I remember working under him for my second season with the team. I was working for free as an intern trying to claw my way up the coaching ranks and earn an opportunity of my own to make an impact. During a meeting near the end of our Spring period, our offensive coordinator had promised all of our staff that we would be able to leave by 6 pm every day due to the change in practice schedule from evenings to mornings and that we could schedule more time with our families. Since we were starting earlier, we could leave earlier. All of our coaching staff, who had families of their own back home, were thrilled. They were finally going to see their sons play sports games, they could spend more time at home helping out, be present fathers and husbands, a dream that they had forgoed to pursue a calling they were called upon. The chance to not only impact the players and help them develop but, also father their own children during the season and spend time with wives more used to the emptiness of the home, raising kids by themselves, then receiving help from the father. Families could finally feel complete, children could finally spend time with their fathers, a beautiful day to behold. We were finally modernizing to achieve the appropriate work-life balance that other programs like Texas Tech or Montana had adopted. Or so we thought.

At the very end of Fall Camp, our offensive coordinator called everyone to a meeting and distributed the new practice schedules. I looked at it for two seconds, thought something was wrong, and then proceeded to squint and re-read what I had just saw.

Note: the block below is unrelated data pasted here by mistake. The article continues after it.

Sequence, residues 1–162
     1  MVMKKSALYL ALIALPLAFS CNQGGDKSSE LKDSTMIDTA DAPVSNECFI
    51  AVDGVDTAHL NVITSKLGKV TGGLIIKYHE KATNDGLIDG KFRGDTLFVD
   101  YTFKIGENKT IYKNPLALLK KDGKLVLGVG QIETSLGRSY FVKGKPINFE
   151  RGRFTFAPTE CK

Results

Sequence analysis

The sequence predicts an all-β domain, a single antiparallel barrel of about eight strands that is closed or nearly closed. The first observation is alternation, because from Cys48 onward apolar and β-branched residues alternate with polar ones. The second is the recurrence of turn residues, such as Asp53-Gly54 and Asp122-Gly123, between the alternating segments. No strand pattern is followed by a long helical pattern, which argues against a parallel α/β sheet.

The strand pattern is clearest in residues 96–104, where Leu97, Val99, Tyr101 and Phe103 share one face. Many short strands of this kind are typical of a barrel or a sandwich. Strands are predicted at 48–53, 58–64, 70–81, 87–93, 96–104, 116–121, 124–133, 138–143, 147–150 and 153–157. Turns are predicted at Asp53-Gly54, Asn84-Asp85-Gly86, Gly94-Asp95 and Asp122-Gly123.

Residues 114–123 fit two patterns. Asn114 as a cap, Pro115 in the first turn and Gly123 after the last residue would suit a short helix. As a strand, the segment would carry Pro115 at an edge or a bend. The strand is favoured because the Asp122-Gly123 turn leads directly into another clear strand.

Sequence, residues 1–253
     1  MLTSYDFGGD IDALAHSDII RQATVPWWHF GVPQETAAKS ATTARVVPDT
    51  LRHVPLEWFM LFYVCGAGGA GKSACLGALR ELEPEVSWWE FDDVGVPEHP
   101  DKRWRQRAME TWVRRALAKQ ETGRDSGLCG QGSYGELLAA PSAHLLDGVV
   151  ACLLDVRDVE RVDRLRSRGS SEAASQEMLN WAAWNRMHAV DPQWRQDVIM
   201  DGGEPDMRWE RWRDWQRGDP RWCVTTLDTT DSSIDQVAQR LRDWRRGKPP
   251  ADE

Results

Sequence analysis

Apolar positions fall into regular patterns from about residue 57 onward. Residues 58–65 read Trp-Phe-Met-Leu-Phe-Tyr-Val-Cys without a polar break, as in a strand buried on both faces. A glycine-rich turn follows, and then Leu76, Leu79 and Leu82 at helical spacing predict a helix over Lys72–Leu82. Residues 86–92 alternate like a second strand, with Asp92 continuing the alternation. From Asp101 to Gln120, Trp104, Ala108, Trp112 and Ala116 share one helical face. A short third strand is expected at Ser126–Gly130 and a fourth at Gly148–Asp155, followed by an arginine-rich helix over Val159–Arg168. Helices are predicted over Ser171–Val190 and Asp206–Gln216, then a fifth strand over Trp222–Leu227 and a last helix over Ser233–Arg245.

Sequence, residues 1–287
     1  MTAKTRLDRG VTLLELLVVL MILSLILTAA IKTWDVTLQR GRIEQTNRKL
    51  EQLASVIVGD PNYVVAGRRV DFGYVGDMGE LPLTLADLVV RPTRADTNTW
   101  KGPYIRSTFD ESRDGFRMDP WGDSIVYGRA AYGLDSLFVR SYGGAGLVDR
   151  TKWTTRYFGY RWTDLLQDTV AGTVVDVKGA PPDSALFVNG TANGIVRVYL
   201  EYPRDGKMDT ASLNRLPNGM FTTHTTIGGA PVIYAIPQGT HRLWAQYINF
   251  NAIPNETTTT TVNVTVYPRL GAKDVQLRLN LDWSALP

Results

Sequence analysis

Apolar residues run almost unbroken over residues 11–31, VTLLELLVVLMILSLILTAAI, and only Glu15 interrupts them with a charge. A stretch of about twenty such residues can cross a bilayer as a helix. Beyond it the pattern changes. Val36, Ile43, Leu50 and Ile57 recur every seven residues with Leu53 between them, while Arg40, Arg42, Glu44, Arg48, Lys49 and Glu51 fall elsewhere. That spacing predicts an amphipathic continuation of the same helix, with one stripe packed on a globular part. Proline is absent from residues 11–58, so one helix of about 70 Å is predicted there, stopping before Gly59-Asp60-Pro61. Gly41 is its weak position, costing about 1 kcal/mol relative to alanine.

No… This can’t be right…

I looked again, this time more carefully. I analyzed every line and every space of our schedule for Fall only to discover what had been true all along. We were starting at 5:30 am in the morning, practicing by 7:15, watching film up until lunch, and then building reports, practice scripts, player meetings, and coaches’ meetings all the way up until 12pm on Sunday, Monday, Tuesday, and up until 10pm on Wednesday. Not only had our schedule gotten longer, but more was demanded from the coaching staff to meet the needs of the offense. The promises sent home from these coaches to their families and kids could no longer be met. A brutal scenario to most, but at a minimal cost to our offensive coordinator, who lived in the office and was a chronic perfectionist, focusing on every detail making sure that everything was right in the most extreme sense. He believed that the effort we put in would make us a top-tier level offense, always ahead of the game in preparing for the opponent. Our offense would be dominant and a force to be reckoned with as we can adapt to anyone. We will outwork everyone in the office and those results would translate to the field.

Our offensive coaching staff shared their concerns about the schedule and voiced their disagreements vocally about the change in schedule. But it was to no avail as our offensive coordinator had told them that this is the work we must get done and this is what I expect you to do. Nothing would persuade him, even though he would try to assuage these concerns throughout the season.

It may have made an impact but it’s likely it didn’t. Our starting QB was hurt for most of the year off of a missed assignment from one of our OL. We finished in the middle of the pack in offensive production, thanks to a breakout year for our backup who ended up seeing some time on the bench as a backup QB for a couple of NFL teams. We finished with a 6-5 record, missing the playoffs by two scores. Our offense didn’t supplement the needs of the defense opting to pass more than normal, not focusing on possessing the ball in close games. And all of those brilliant concepts drawn up were rarely executed to the design of what it should have been. Some concepts worked and others were just blown by one missed assignment from one player which would have made the play work. Spending more time on the white board didn’t improve the product on the field. Because in reality, players win the games. Coaches can help and aid the players but, they don’t have a direct impact most games.